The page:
Wrestling with neighbors about easement rights can be frustrating, but try to keep things civil and come to a mutual agreement.
ILLUSTRATION: DAVE KLUG
Rules and regulations regarding land management, homestead exemptions, easement rights and property assessments can be confusing and frustrating. The staff at MOTHER EARTH NEWS encourages you to take advantage of local resources and communicate with your neighbors for a happy neighborhood and comfortable home.
Q. My husband has asked me to research the law to find out how to "homestead" our house. He says this is a procedure where you make your home safe from seizure as part of your assets, as in a court judgment, for example. In searching land law websites and even the law library I found nothing under this heading. Have you heard of this? Is it called by another name? Do you know anything about it? Where I can get information about it?
A. It is no wonder you are having difficulty obtaining information on the homestead exemption. California does not have a legislative phone number for citizen information on civil laws, at least that I could find.
The homestead exemption was enacted by many states to protect the family home against being sold by creditors. State land laws differ, but all essentially set a monetary amount that a family will retain after the home is sold to repay debt. Naturally, if the debt is less than the homestead exemption the creditor probably can't force the sale of the home. Most states limit this action to unsecured creditors; secured creditors, like mortgage holders, still have rights to the property as provided for by law. In some states the homestead must be filed with the county. Elsewhere it is an automatic exemption. Every few years most legislatures raise the homestead exemption amount to reflect current economic conditions.
The homestead exemption laws are complicated. You may contact the California Association of Realtors to ask their legal department for information on the subject. Go into the legal section, where there will be questions and answers regarding the homestead exemption. Your own legislator's office may be able to provide you with copies of the civil law for the homestead exemption. Good luck.
Easement Rights, Not Always Easy
Q: Hello Jean. l have a situation where I share an easement road with my neighbor to the south. My lot is #3, his lot is #2. The easement is actually owned by the neighbor to the east. There is a Declaration of Covenant which states "Any owner or subsequent purchaser of lots 2 and 3 shall bear the responsibility for 50% of the financing, construction and maintenance of such private road contained within the above referenced short plat .... Owners of lots 2 and 3 within the above referenced short plat, who are served by such private road, may sue and recover from any owner of any lot within the short plat (lots 2 & 3) which is similarly served who refuses to participate in the road construction, financing and maintenance. Such owners who refuse to share the costs under the percentage set forth above shall be liable for any damages resulting from such refusal, plus costs of suit and reasonable attorneys fees."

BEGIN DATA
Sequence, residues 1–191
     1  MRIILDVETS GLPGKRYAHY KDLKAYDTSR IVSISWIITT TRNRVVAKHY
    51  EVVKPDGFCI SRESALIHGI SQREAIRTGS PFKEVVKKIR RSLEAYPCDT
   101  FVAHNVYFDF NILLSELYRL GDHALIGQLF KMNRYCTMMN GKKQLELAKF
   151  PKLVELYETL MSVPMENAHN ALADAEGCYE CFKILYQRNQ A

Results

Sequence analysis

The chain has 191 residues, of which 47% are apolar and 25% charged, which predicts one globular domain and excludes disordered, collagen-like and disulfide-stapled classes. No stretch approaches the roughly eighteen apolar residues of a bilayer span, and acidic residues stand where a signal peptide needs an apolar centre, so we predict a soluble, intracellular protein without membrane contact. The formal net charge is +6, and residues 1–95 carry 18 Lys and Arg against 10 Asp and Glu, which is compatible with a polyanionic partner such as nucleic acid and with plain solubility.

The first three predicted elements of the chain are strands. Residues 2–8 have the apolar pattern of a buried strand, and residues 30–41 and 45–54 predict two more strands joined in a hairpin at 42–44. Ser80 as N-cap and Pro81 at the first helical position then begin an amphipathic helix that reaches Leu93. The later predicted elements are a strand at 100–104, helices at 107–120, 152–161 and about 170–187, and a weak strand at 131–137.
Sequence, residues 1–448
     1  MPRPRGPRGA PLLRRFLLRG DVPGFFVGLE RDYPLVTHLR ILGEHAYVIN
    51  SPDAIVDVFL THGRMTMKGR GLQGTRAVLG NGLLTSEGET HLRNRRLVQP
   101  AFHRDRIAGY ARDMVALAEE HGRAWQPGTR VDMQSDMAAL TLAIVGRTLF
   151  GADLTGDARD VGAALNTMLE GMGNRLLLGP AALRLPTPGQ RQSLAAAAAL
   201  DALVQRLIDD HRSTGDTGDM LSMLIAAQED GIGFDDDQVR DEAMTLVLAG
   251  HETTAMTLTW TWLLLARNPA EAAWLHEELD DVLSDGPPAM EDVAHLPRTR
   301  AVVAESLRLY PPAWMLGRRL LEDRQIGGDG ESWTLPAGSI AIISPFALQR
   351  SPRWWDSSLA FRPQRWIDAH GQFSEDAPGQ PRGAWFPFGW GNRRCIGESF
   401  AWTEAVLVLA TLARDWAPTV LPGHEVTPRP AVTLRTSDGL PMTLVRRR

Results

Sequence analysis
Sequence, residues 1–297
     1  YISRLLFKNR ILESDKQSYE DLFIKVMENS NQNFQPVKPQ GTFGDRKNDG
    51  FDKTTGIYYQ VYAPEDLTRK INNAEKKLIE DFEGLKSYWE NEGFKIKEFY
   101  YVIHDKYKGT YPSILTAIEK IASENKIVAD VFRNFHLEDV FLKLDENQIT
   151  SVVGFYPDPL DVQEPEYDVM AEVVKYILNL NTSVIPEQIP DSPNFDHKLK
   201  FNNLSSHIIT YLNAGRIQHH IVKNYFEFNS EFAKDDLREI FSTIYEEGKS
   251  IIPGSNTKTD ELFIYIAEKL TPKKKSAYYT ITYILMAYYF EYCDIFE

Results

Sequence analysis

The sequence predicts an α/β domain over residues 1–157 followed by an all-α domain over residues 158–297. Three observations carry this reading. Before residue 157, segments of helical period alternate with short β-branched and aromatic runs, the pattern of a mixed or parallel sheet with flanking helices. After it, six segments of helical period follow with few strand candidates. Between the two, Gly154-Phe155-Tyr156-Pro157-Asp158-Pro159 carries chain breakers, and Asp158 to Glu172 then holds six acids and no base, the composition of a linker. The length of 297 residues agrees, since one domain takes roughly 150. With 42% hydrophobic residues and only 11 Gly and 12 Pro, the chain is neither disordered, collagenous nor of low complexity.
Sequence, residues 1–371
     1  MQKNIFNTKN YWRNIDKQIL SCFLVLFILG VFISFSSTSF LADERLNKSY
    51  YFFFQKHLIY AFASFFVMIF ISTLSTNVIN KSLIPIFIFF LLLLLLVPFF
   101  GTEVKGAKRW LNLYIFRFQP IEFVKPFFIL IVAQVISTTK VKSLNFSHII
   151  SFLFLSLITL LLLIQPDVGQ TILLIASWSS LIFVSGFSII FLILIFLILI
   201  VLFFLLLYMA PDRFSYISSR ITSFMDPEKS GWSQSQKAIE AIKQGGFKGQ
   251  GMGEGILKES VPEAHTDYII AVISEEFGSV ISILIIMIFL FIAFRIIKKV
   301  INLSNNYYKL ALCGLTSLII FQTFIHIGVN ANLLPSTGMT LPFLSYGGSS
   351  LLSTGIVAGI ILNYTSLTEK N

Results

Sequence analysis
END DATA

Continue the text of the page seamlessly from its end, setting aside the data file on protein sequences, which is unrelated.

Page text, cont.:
I tried recently to come to an agreement regarding the road maintenance required. I was told by the owner of lot #2 that I had full responsibility to have the work done. I said fine, but you will be responsible for 50% of the cost. I sent him an estimate of work to be done, then a copy of the work accomplished. I've given the owner of lot #2 a time limit in which to respond. If he doesn't respond with payment of his 50% share for the work done, I'm considering taking him to small claims court in order to obtain his share of the cost. Based on the Declaration of Covenant, l believe I'm doing the right thing legally, morally, and logically. Do you agree?
A. I certainly do agree you have conducted yourself well in this case. It might be a good idea to have a short consultation with an attorney before pursuing this, even in small claims court. The advice you receive will be invaluable, as the attorney will help you devise the most persuasive strategy possible. I wish you well in this; it is unfortunate that some neighbors force folks into these actions no matter how civilly they are treated.
Property Assessment Issues